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GRAMOPHONE (04/2013)
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Harmonia Mundi 

 Code-barres / Barcode : 3149020212325 (ID294)

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Appréciation d'ensemble / Overall evaluation :

Reviewer: Fabrice Fitch

Reconstructed sacred songs add to the Gesualdo catalogue

Part-books were the standard method of printing polyphony in the Renaissance: each publication constituted a set, usually with one voice per book. The risk is that if one of these books goes missing, the pieces of the collection are incomplete. This is what happened to Gesualdo’s second book of motets (‘sacred songs’), published in 1603: the only surviving copy is missing two books, including the bass.

It’s well known that Stravinsky had a go at supplying the missing voices for three of these motets but as far as I know the composer and musicologist James Wood is the first to complete and bring the whole set to the recording studio.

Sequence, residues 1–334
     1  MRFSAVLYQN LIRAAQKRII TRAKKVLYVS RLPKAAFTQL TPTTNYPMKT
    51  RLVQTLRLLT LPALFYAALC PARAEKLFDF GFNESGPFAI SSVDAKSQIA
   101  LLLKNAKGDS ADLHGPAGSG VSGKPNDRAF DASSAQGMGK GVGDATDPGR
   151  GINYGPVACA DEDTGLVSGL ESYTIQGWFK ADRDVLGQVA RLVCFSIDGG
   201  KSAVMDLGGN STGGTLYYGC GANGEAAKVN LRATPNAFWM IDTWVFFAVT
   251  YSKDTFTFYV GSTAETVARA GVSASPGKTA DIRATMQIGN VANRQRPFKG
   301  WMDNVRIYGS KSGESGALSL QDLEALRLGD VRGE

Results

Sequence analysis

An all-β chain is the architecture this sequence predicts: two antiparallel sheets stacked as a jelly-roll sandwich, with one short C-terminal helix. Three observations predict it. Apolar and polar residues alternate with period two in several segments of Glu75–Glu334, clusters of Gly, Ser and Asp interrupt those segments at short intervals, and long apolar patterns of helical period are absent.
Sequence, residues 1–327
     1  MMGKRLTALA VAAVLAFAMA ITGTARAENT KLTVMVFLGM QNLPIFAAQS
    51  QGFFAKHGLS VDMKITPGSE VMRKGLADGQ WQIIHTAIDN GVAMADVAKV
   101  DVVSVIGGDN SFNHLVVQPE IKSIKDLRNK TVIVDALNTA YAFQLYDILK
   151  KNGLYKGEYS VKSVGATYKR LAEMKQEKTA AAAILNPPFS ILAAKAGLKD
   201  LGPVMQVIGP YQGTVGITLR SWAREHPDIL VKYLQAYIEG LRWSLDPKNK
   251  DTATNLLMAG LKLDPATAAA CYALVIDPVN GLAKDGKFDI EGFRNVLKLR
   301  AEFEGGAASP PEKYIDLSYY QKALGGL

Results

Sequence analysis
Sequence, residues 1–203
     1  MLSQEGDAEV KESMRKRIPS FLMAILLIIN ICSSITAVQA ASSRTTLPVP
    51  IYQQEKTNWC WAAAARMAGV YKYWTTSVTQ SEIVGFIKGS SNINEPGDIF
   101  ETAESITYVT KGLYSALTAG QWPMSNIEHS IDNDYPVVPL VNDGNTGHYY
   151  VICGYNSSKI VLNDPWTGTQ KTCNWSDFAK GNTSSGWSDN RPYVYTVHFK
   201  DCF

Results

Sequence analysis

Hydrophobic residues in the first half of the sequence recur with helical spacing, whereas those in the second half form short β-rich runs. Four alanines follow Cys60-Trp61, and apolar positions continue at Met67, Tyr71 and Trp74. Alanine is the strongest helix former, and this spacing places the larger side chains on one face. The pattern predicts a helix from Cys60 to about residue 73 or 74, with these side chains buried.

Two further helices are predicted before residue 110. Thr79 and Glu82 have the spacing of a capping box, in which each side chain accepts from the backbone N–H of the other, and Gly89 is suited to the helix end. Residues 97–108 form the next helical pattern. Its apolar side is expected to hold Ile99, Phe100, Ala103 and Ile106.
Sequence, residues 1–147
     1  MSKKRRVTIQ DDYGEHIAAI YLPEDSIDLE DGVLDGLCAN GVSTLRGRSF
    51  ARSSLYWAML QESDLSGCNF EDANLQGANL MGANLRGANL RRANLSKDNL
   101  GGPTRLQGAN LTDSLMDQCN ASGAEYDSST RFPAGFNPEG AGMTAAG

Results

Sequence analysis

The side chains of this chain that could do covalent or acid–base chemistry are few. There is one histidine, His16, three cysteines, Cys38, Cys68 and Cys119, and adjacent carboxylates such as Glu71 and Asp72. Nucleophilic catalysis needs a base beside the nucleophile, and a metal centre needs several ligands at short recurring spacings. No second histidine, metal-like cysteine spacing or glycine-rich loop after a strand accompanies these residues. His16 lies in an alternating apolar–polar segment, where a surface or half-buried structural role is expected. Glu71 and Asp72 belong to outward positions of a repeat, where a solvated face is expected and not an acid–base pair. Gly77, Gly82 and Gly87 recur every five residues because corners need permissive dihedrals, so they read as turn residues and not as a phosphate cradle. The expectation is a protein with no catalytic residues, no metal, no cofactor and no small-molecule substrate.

It’s not my intention here to comment on the quality of the reconstructions, though to the ear it sounds very convincing. Most of these motets are constructed along similar, compact lines,  and what they lack in contrast they make up for in incident. Gesualdo favours strikingly intervallic opening gestures and conclusions that similarly imprint themselves on the ear. Seekers after his trademark chromaticism will find it, but attenuated, the emphasis being on imitative points. The Vocalconsort Berlin do him proud, treating some pieces chorally and other with soloists; like the motets themselves, their interpretation stays within certain confines, which allows them to negotiate all but the most demanding situations with confidence. There may be bolder, more striking interpretations to come (just as there will be other reconstructions) but meanwhile, who could resist the opportunity to hear some ‘new’ Gesualdo?

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